We also obtained daily rainfall data at 0.05 degree resolution from Climate Hazards Group Infra-Red Precipitation with Station data (CHIRPS) for the grids that are closest to the urban areas for the period of 1981–201555, 56. CHIRPS uses TRMM (TMPA 3B42 v7) to calibrate infrared Cold Cloud Duration (CCD) precipitation estimates which are further used in the ‘smart interpolation’ approach and blending procedure (using station based observations) to obtain long-term gridded global rainfall datasets55, 56. It is available for 50°S–50°N from 1981 to near-present and can be downloaded from ftp://ftp.chg.ucsb.edu/pub/org/chg/products/CHIRPS-2.0/. Katsanos et al.80 compared CHIRPS data with station data over Mediterranean basin and found a good correlation between them.

We obtained 3-hourly rainfall data at 0.25 degree resolution for the selected urban areas from the TRMM 3B42V7 (TRMM) for the period of 1998–201552. TRMM is a gridded satellite product which uses passive microwave (PMW) data where it is available and infrared (IR) elsewhere since microwave radiance has a stronger relationship with precipitation than IR52, 57. TRMM is available from January 1998 onwards over 50°S–50°N and 180°W–180°E and can be downloaded from http://disc. sci.gsfc.nasa.gov/SSW/. We used TRMM 3B42V7 as sub-daily station data are unavailable and it is more reliable than other available multi-satellite rainfall products over India54. Moreover, TRMM 3B42V7 (TRMM onwards) captures spatial and temporal features of rainfall well against rain gauge measurements as shown by Shah and Mishra81.

We used daily air temperature data at 850 hPa (T850) obtained from the latest global atmospheric ERA-Interim reanalysis data which is produced by the European Centre for Medium-Range Weather Forecasts (ECMWF) with the Integrated Forecast System at a T255 spectral resolution on 60 vertical levels which reaches from the surface up to 0.1 hPa82. The data is available from January 1979 to present and can be downloaded from http://apps.ecmwf.int/datasets/data/interim-full-daily/levtype=pl/. The data was regridded at 0.25 degree resolution using bilinear interpolation. We used T850 (roughly 1.5 km) sufficiently above the boundary layer of the atmosphere instead of SAT in order to avoid the effects of ground geographical features (like the sea) on air temperature. Moreover, SAT data are strongly correlated with the monsoon season rainfall, which might introduce bias in the scaling process.

Since reanalysis products have uncertainties, we used air temperature at 850 hPa from the two other reanalysis products. The first one is obtained from the National Centres for Environmental Prediction (NCEP) Climate Forecast System Reanalysis (CFSR). CFSR is a high resolution (0.5 degree) global dataset which is developed using a coupled atmospheric-ocean-land-surface system83. It is available at 64 levels extending from surface to 0.26 hPa. CFSR is available from 1979 onwards and can be downloaded from http://rda.ucar.edu/datasets/ds093.1/. The second dataset for T850 was obtained from the Modern-Era Retrospective analysis for Research and Applications version 2 (MERRA2). MERRA2 is global hourly data at 0.5 × 0.625 degree resolution, available from 1980 onwards and can be downloaded from https://gmao.gsfc.nasa.gov/reanalysis/MERRA-2/. The MERRA2 has improvements over MERRA datasets because it assimilates modern hyperspectral radiance and microwave observations along with GPS- Radio Occultation datasets84. The hourly values in a day were averaged to find mean daily temperature at 850 hPa.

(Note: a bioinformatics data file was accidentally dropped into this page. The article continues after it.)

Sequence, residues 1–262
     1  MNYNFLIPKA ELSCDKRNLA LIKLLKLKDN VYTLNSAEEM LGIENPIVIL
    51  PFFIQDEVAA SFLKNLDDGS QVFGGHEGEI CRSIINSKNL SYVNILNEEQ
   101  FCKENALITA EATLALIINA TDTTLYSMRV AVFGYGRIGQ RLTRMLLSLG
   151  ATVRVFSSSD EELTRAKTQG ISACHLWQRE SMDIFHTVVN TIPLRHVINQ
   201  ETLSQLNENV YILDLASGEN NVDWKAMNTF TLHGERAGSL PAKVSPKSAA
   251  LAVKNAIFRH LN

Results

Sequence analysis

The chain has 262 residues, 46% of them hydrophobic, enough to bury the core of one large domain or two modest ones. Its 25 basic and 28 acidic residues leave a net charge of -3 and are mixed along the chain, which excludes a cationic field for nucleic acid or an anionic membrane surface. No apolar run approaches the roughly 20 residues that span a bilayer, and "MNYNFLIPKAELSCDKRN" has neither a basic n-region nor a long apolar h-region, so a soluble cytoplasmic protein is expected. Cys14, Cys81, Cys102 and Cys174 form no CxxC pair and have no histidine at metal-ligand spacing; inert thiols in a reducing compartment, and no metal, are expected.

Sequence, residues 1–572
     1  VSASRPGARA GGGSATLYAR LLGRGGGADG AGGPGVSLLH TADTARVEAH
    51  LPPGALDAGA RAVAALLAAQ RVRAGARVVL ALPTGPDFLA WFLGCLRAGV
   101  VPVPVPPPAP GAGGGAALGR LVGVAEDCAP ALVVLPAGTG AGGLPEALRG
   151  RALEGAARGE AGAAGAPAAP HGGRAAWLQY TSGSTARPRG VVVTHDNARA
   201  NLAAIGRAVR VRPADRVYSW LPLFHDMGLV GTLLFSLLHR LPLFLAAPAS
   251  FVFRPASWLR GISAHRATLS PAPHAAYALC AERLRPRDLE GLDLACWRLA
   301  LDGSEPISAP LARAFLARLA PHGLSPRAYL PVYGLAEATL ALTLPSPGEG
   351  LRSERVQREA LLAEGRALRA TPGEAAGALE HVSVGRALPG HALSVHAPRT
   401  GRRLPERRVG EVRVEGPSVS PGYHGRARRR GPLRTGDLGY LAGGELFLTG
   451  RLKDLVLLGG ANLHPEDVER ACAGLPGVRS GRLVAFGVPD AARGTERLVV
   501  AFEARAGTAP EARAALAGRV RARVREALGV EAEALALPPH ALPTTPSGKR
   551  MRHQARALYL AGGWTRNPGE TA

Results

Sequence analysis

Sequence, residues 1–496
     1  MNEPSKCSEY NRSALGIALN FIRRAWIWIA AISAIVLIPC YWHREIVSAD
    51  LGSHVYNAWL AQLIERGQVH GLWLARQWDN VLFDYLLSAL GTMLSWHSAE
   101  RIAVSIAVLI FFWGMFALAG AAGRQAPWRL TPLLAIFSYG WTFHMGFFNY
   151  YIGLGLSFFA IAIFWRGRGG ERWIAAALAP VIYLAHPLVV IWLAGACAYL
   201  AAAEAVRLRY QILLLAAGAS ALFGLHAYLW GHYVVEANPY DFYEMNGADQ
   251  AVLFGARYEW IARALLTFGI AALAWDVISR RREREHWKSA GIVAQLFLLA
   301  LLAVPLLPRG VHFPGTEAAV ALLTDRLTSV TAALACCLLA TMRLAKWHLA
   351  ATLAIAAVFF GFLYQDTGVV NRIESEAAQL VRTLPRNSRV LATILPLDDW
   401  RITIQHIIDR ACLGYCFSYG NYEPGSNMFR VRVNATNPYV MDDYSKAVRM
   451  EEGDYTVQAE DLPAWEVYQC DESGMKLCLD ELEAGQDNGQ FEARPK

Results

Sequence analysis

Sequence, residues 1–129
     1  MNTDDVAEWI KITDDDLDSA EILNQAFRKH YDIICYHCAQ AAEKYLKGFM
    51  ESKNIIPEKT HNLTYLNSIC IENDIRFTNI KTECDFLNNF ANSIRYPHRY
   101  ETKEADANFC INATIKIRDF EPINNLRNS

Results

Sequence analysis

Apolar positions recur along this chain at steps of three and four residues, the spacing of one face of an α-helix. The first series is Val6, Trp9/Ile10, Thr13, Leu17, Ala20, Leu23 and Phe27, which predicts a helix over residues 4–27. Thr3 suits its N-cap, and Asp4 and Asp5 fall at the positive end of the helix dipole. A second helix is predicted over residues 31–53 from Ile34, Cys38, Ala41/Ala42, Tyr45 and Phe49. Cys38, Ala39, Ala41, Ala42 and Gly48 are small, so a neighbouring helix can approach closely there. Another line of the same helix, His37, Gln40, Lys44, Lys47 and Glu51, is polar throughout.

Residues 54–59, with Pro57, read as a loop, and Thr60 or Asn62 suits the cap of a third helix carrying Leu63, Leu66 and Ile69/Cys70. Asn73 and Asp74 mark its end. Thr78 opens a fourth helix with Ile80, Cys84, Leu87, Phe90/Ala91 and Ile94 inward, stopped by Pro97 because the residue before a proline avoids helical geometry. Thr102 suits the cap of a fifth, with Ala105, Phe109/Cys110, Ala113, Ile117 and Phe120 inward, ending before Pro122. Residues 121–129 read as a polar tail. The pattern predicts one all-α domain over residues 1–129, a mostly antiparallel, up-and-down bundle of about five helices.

Analysis

We extracted datasets (rainfall and DPT) for 23 urban areas from the daily GSOD data. However, gridded datasets for the urban locations were selected in such a way so that centre of grid lies within a urban area. Moreover, datasets were at different spatial resolution, therefore, we applied areal reduction factors (ARF) based on U.S. Weather Bureau 1975 method85, 86 (TP-29) to bring them to point scale, which is given by

$$AR{F}_{TP-29}=\frac{\frac{1}{n}\sum _{j=1}^{n}{\hat{R}}_{j}}{\frac{1}{k}\sum _{i=1}^{k}(\frac{1}{n}\sum _{j=1}^{n}{R}_{ij})}$$
(1)

where \({\hat{R}}_{j}\) is the annual maximum areal rainfall for year j, R ij is the annual maximum point rainfall for year j at station i, k is the number of stations in the area, and n is the number of years85, 86. The choice of this ARF from different ARFs is discussed in Supplemental Information.

Regression slopes (scaling) were estimated by both binning technique (BT) and quantile regression (QR). In binning technique (BT), rainfall data is matched to temperature data for each day and is classified into bins of increasing temperature either of equal temperature bin size10, 15, 21, 33, 45. However, bin size and outlying data in each bin may affect the scaling estimates27. Therefore, we used quantile regression which is more robust and flexible method and does not require such assumptions28, 43, 44.

In quantile regression (QR), for a set of data pairs (x i , y i ) for i = 1, 2, …., n, the quantile regression for a given percentile p(95th percentile in our study) is expressed as